In “Arrival,” Amy Adams stars as a linguist trying to communicate with aliens. (PARAMOUNT PICTURES)

Science-fiction thrillers often send in gun-toting heroes such as Will Smith and Tom Cruise to kick invading-alien butt. The movie “Arrival” is completely, wonderfully different: It sends in a linguist, played by Amy Adams.

“Language,” one character says, “is the first weapon drawn in a conflict.” The big question to ask the aliens: What is their purpose on Earth?

In the 1997 movie “Contact,” the character played by Jodie Foster figured out that aliens were using sequences of prime numbers in their communications, and she used those numbers as a Rosetta stone to decrypt their messages. In 1977’s “Close Encounters of the Third Kind,” the visitors from afar helpfully used five musical tones in a major scale, presumably because vibrating strings have the same harmonics in several parts of our galaxy.

The aliens of “Arrival” make incomprehensible groaning noises. In attempting to communicate with them, Adams’s character, Louise Banks, learns that their written language is circular and that it doesn’t seem to progress from cause to effect. To the aliens, time does not have a direction.

This is not so odd: On Earth, some cultures conceive of time differently from other people. Chinese-speakers tend to think of time running from top to bottom, as opposed to English-speakers, who think of time running left to right.

“They use nonlinear orthography,” Banks says. “Do they think like that, too?”

This is our introduction to the Sapir-Whorf hypothesis, which holds that language shapes the way we think. In the 1940s, Edward Sapir and Benjamin Whorf proposed that the structure of a language determines, or at least influences, how we perceive and experience the world. The theory has been controversial, but there is now some support for it.

For example, there are two words in Russian for different shades of blue, and Russian-speakers are faster at discriminating between the shades than are English-speakers. It seems that words can prime parts of the brain to work better.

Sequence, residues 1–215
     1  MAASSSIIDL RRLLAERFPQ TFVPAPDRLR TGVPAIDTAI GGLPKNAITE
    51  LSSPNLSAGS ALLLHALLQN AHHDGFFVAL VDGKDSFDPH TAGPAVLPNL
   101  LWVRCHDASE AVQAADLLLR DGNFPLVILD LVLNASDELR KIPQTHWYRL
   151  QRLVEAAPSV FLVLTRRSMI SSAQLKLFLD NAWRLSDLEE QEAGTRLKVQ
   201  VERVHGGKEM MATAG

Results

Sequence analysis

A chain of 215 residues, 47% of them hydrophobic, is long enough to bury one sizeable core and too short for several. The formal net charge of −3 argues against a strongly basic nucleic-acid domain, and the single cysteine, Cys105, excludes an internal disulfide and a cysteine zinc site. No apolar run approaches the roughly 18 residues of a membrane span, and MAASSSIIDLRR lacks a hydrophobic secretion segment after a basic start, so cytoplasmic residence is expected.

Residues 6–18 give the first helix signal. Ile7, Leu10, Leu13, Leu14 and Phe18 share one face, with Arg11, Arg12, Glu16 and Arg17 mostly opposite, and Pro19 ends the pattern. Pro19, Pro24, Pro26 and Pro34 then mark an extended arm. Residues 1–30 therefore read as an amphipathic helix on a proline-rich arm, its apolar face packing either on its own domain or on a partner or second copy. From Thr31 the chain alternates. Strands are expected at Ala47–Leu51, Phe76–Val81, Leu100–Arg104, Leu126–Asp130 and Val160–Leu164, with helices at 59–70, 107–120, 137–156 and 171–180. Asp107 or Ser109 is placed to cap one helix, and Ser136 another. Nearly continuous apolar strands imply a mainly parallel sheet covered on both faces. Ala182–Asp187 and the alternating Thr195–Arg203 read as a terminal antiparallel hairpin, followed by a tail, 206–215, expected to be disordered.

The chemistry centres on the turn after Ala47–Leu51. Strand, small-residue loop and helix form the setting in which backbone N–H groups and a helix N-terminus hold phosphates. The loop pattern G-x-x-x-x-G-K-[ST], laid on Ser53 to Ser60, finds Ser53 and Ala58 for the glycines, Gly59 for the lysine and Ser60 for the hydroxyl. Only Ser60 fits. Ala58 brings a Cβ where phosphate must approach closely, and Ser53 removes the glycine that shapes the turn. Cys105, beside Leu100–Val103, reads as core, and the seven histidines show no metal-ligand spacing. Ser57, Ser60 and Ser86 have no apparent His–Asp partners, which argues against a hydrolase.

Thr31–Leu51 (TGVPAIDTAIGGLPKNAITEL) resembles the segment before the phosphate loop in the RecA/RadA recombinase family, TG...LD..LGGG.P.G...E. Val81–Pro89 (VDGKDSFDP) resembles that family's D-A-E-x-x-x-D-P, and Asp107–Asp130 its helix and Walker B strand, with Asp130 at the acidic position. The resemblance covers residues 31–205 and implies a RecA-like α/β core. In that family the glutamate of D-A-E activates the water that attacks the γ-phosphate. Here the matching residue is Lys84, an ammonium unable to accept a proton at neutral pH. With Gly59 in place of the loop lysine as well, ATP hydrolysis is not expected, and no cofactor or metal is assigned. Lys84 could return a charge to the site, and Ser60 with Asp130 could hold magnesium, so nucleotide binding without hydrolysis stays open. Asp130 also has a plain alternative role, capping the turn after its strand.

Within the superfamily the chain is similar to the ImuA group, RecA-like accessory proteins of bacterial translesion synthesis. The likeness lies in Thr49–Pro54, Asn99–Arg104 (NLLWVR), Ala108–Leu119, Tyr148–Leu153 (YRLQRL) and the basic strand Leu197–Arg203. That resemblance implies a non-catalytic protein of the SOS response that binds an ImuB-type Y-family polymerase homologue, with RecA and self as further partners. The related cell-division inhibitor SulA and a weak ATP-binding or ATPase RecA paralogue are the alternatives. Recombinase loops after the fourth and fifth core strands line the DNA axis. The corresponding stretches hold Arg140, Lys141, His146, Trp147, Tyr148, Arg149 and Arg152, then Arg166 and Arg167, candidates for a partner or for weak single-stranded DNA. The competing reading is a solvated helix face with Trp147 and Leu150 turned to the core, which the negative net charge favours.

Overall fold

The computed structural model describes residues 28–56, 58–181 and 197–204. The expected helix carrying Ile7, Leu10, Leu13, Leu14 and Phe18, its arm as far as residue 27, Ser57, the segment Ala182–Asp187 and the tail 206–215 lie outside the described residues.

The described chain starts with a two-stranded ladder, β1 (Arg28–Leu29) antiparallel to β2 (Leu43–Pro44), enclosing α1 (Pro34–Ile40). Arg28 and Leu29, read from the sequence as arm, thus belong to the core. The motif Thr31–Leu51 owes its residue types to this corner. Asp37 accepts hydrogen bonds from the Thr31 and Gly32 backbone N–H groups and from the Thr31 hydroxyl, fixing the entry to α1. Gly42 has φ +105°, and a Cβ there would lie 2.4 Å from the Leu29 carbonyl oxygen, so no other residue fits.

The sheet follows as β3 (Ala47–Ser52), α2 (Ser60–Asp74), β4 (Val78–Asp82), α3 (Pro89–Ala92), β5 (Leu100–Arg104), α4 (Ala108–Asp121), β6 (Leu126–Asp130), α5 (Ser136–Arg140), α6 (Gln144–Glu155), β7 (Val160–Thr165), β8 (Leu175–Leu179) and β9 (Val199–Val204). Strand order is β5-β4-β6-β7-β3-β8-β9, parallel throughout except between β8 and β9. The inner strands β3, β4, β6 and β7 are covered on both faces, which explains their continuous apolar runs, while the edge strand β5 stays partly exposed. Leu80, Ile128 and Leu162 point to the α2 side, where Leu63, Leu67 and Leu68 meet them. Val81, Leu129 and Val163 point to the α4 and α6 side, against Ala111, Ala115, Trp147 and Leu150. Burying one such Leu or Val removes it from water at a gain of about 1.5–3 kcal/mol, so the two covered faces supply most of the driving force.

Some supporters of linguistic relativity, which is another name for the Sapir-Whorf hypothesis, think that the cognitive benefits of language helped spur its evolution. This is relevant to the movie, as the fate of humanity, and possibly of the aliens, depends on our understanding their language.

There may be some evidence for this selective power of language in putty-nosed monkeys. These are social monkeys that live in Nigeria and have two simple warning calls: A “pyow” means there is a leopard coming, and a “hack” means there is an eagle. But if you put the two together, it means “Let’s move along.” It’s very simple, to be sure, but language requires different meanings to be constructed from common syllables, a skill that the monkeys have mastered.

The movie takes this idea and runs with it. If you learn a new language, your brain gets rewired, we are told. Sure, this happens — especially in bilingual speakers switching between languages. In “Arrival,” we see Banks’s brain getting rewired to an absurd extreme.

This rewiring has a deeply personal impact on her. In fact, “Arrival” is far more about human understanding, memory, love and fortitude than it is about an alien invasion.

Banks’s daughter, Hannah, has died of a rare illness. “There are days that define the story of your life,” Banks says at the film’s downbeat beginning. Here we get a name-check to the short story on which the film is based, a piece by Ted Chiang called “Story of Your Life,” and a subtle clue to one of the themes of the film: Hannah’s name is a palindrome, so it reads the same forward and backward.

“Interstellar” achieved a similarly moving emotional tone, but that film had an epic, last-chance-for-humanity feel to it. With “Arrival,” the stakes are just as high but the struggle and the tension stay grounded: Adams gives a performance of such intimacy and empathy that she dominates everyone else on screen, even the gigantic, mysterious aliens themselves.

New Scientist

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